So many other States allow special rights for mining interests. These statutes were enacted in order to create employment for the mining industry. When minerals are taken underneath privately-owned property, the question is one of whether such activity is a “public use” under a given statute or constitutional provision.
Some States are initiating referenda to limit the old statutory delegation to the mining interests. Minnesota may have to deal with the referenda issue soon.
A 2006 Minnesota law forbids the government from taking a person's property to benefit another private business. The law states that "eminent domain may only be used for a public use or public purpose." According to this law, "public benefits of economic development, including an increase in tax base, tax revenues, employment, or general economic health, do not by themselves constitute a public use or public purpose."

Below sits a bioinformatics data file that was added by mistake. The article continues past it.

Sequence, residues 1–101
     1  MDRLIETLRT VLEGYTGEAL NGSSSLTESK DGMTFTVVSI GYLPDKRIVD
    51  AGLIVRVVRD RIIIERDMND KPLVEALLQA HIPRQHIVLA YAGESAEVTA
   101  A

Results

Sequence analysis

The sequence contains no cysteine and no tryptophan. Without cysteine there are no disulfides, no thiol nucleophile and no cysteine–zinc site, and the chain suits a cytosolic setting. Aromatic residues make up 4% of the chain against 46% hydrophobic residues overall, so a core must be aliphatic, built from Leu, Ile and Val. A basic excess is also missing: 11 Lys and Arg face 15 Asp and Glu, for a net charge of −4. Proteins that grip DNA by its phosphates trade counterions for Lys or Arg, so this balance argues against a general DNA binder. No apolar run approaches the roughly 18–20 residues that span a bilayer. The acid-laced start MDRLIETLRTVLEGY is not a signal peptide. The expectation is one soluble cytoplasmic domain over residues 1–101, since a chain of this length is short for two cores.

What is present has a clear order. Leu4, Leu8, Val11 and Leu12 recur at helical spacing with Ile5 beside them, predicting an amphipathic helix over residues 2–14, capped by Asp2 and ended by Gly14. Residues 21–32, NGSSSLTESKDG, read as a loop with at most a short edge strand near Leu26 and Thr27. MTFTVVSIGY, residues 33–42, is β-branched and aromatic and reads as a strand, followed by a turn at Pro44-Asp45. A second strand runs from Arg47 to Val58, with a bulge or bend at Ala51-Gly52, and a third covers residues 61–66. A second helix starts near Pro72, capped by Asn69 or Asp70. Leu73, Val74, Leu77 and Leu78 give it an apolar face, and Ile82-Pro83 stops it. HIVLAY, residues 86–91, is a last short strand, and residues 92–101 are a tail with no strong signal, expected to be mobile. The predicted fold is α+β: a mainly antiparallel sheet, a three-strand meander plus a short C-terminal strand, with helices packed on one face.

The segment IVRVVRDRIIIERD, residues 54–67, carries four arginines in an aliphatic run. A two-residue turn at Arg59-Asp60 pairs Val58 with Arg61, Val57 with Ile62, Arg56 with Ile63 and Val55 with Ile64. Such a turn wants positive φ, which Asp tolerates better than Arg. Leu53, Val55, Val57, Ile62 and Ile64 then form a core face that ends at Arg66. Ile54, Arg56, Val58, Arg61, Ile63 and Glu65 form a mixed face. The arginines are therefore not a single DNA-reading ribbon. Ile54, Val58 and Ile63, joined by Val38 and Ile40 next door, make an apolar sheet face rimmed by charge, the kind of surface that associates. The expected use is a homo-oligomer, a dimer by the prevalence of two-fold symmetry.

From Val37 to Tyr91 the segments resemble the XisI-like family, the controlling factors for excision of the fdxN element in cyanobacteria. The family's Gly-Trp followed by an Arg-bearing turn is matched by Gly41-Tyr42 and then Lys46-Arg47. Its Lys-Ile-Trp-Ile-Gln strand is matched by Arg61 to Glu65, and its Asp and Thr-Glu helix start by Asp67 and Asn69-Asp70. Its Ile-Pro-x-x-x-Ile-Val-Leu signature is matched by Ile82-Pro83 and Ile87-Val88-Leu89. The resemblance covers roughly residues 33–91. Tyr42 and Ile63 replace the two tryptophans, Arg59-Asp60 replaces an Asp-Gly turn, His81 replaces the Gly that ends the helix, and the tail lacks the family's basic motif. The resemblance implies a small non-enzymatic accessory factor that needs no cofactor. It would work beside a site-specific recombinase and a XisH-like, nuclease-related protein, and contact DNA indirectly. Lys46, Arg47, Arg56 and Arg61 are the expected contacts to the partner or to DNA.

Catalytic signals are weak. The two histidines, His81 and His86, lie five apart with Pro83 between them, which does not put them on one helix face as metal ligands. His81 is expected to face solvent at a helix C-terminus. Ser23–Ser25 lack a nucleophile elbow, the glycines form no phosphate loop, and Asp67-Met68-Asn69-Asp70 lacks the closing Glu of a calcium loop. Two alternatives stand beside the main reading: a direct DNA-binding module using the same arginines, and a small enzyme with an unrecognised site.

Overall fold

What does this mean for mineral lease claims across Minnesota?
Without special treatment, owning mineral rights would not entitle a company to take surface land it doesn't own. The company could mine by tunneling from adjacent land or it could do what the rest of us do -- negotiate and buy land or easements without coercing the owner.
Companies, however, point to a 100-year-old statute that appears to give mining interests special privileges. If a company with a minerals lease fails to make a deal with the property owner, the company could tell the state attorney general to condemn property rights for the benefit of the mining interest.